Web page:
Having read point 3 a number of times, I think I get what RD’s saying.
As usual I will mainly confine myself to commenting on the process.
It’s helpful to get a sense of what’s at stake in talking about essence: the issue is unity. The modern dudes like Volf who define unity in personal terms not essence terms, seem to be on to something, esp. since RD seems to approve of Augustine doing that a few paragraphs later. So maybe that’s the way forward?
Throwing in that stuff about equality complicates the discussion considerably, since equality has not been the issue in view up until now. It really needs its own treatment. I’m treating it as a red herring here and passing it over.
Gunton’s critique needs an answer, says, RD, but in the place where that answer is expected, we get this stuff about how the scholars don’t read latin etc. Once again playing the man not the ball.
Then we’re told that Ayres and Barney have overturned Gunton’s critique. But here would have been the place to explain how, and supply some evidence. But RD leaves us high and dry. As he would say, ‘Disappointed to see strong opinion advanced without evidence.’ 🙂 Mentioning Ayres is not evidence.
In the place we we’re thinking he might unpack a little of Ayres and Barney’s best points, RD veers off to discuss Aquinas. Nice comments, but a strange place for this side discussion to be introduced, a bit of a distraction really. We’re still waiting for the evidence against Gunton, hoping to be ‘shown otherwise’.
This really is a strange way to construct an argument!
Then we do get some evidence. This is mostly based on one of St A’s letters. It’s a 4 paragraph letter. That’s it: Gunton’s trouble is he rushes into claiming too much based on reading too little, because he’s working from Augy’s whole treatise on The Trinity. Doyley’s remedy is to rebut his conclusions from a one-page letter.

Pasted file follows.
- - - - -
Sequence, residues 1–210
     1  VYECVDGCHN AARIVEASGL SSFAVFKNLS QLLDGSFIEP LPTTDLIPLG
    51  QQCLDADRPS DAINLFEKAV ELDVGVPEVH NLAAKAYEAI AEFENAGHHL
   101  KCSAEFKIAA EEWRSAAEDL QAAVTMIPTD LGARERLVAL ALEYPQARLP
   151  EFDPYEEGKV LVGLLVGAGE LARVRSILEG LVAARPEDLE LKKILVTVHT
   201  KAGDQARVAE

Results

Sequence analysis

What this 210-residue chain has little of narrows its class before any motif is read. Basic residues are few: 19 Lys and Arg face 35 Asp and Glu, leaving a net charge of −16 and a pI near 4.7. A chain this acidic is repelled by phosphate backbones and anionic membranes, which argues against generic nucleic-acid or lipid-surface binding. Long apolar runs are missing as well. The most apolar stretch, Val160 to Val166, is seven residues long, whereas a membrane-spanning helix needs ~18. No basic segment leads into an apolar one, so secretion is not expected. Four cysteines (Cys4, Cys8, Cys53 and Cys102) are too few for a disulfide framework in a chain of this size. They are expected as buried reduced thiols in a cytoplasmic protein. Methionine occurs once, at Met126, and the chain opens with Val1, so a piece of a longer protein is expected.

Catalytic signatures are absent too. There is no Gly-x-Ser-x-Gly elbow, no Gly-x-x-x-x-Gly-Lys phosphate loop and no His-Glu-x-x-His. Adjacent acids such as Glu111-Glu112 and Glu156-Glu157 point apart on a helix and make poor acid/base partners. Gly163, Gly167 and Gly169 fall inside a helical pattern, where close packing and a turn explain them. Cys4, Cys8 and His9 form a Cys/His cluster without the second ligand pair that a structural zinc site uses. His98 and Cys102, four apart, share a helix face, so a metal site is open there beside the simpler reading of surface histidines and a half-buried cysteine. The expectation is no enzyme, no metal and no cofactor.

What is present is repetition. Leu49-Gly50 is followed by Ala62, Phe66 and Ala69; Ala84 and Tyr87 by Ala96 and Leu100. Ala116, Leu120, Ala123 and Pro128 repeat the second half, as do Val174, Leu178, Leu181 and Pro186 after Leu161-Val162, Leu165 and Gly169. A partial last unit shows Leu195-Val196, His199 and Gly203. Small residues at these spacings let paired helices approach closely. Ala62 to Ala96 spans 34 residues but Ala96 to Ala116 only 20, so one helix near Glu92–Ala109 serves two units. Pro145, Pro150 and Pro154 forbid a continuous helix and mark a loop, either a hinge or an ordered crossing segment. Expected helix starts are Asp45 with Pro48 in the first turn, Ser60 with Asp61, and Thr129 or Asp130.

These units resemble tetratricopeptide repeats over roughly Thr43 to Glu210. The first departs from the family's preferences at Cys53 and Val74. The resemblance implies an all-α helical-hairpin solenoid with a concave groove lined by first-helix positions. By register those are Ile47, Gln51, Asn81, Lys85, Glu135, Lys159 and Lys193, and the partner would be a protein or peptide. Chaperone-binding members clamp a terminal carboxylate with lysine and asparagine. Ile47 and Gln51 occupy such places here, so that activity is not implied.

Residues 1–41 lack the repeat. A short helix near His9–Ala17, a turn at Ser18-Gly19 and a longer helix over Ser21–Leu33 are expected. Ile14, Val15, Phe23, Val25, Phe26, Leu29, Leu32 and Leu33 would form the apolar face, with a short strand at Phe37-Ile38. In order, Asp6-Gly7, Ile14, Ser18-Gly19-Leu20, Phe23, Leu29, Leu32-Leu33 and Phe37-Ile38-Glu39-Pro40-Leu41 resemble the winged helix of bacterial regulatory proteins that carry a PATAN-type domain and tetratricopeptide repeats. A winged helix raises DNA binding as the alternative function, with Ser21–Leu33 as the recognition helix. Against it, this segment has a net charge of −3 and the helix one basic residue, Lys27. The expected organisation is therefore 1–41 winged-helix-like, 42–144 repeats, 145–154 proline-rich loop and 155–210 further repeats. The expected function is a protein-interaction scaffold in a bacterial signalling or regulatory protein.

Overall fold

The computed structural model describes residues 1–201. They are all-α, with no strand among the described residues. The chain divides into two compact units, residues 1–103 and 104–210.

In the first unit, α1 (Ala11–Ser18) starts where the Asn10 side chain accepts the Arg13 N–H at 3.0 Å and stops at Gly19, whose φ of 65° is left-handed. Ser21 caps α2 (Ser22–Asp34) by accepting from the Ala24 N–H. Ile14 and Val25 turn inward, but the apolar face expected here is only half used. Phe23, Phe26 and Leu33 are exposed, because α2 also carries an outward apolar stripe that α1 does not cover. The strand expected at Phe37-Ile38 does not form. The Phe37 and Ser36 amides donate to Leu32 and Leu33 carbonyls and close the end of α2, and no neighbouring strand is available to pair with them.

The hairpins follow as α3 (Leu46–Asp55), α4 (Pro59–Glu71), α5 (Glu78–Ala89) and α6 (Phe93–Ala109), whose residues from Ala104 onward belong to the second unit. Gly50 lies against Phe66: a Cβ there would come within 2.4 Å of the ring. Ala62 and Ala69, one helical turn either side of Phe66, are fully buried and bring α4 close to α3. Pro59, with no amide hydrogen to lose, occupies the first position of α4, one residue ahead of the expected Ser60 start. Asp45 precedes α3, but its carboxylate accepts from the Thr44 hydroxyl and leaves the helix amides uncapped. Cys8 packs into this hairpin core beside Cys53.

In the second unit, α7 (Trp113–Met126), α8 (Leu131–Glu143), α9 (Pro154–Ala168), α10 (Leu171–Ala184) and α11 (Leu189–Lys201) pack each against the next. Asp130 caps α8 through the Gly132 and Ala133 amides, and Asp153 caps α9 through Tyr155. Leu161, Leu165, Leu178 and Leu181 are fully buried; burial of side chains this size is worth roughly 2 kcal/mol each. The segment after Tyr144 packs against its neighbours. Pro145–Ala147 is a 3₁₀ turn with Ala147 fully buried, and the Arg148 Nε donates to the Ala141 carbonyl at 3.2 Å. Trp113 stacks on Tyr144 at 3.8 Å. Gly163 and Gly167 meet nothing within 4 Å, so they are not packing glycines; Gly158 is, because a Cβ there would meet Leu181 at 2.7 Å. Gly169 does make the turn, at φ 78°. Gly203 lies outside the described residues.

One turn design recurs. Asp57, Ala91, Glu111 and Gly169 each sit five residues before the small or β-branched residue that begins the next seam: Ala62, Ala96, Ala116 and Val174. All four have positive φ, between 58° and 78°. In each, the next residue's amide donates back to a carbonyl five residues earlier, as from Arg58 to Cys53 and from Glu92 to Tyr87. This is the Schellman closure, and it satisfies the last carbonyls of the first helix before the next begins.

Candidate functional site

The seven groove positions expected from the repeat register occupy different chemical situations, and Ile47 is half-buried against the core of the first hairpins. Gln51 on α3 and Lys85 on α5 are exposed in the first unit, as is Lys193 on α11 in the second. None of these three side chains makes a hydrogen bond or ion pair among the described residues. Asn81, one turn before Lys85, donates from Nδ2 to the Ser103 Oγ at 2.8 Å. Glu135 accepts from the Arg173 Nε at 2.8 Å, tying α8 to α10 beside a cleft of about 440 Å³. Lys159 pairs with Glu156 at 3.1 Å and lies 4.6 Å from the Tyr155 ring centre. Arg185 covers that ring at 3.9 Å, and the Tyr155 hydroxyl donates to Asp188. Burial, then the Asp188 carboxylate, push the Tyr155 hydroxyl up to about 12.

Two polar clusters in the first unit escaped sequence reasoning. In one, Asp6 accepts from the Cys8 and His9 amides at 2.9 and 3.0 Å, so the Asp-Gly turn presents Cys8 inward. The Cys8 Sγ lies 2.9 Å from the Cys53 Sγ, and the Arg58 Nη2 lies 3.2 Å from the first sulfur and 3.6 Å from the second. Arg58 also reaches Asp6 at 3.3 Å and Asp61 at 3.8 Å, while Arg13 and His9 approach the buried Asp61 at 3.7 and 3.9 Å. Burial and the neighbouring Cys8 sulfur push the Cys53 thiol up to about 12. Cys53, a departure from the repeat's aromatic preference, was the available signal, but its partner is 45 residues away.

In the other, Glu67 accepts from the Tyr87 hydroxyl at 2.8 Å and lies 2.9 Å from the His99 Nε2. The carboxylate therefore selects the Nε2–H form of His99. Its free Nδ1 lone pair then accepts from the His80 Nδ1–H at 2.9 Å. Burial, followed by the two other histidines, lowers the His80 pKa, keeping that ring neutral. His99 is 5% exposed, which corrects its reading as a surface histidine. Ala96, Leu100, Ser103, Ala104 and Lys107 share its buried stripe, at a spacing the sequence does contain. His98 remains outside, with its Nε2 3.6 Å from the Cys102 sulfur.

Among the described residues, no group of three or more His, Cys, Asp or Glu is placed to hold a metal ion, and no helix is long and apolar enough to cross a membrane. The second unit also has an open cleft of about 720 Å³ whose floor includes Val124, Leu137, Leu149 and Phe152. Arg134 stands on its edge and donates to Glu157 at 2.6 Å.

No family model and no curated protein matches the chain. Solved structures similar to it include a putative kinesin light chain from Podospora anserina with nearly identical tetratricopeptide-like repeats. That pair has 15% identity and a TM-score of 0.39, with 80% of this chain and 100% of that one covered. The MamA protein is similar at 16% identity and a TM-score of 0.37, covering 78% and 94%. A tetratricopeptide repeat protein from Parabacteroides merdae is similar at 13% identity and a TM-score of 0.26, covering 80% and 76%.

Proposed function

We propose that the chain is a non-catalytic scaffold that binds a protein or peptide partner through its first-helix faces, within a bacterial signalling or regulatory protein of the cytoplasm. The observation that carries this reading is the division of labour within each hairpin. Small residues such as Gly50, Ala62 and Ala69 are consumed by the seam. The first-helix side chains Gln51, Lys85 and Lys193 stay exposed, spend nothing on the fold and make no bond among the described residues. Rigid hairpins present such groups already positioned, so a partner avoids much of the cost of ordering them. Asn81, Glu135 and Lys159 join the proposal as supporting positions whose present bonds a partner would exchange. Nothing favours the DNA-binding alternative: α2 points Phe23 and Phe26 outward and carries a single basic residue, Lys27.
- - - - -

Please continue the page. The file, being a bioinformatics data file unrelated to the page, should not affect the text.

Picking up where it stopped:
Give us a break!
Also, the argument is based on the assumption that St A when he wrote that letter held the same view he did when he wrote On The Trinity. This may be true, but this is neither claimed nor demonstrated, the argument remains inadequate. Augustine may have changed his view in the meantime. It would then be invalid to use Letter 11 as context for Augustine’s meaning in On The Trinity.
(It’s probably better practice to assess a work like On The Trinity (indeed any theology work) on its own terms, as a stand alone piece of theology. Which is what Gunton does. A book gives you enough material to provide adequate context. Rather than demonstrating impatience and rashness in forming conclusions, this practice shows a proper caution about letting co-texts control the reading. Try using early Luther as a guide to Luther’s late thought!)
That’s it for the evidence. It’s not much…
Then after all that, Doyley gives us this conclusion:
his repeated insistence on seeing the relations only relatively to the three persons and not ontologically to the one substance is unsatisfactory. It can leave God’s essence as something inherently impersonal.
– crikey! that’s the whole burden of Gunton’s article, and the heart of his critique of Augustine.
It’s a bit confusing isn’t it. Is RD playing with us?
I challenge Grit readers to determine – is Doyley with Gunton or against him?
I’ve done my best. Anyone else want to have a crack at figuring it out?
(Tomorrow I might try to engage with a bit of content rather than process – check out that bit of evidence from letter 11)